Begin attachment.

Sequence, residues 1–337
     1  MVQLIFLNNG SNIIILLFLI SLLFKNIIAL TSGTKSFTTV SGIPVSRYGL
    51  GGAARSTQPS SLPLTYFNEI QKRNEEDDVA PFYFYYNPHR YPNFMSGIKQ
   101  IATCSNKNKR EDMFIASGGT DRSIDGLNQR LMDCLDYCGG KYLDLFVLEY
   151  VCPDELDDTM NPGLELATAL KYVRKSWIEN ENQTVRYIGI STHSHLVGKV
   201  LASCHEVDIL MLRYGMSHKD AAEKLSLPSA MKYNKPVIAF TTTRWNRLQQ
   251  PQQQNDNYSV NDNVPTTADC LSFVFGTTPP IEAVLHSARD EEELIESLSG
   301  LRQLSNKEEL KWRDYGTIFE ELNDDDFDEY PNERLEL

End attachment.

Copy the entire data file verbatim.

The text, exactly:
Sequence, residues 1–337
     1  MVQLIFLNNG SNIIILLFLI SLLFKNIIAL TSGTKSFTTV SGIPVSRYGL
    51  GGAARSTQPS SLPLTYFNEI QKRNEEDDVA PFYFYYNPHR YPNFMSGIKQ
   101  IATCSNKNKR EDMFIASGGT DRSIDGLNQR LMDCLDYCGG KYLDLFVLEY
   151  VCPDELDDTM NPGLELATAL KYVRKSWIEN ENQTVRYIGI STHSHLVGKV
   201  LASCHEVDIL MLRYGMSHKD AAEKLSLPSA MKYNKPVIAF TTTRWNRLQQ
   251  PQQQNDNYSV NDNVPTTADC LSFVFGTTPP IEAVLHSARD EEELIESLSG
   301  LRQLSNKEEL KWRDYGTIFE ELNDDDFDEY PNERLEL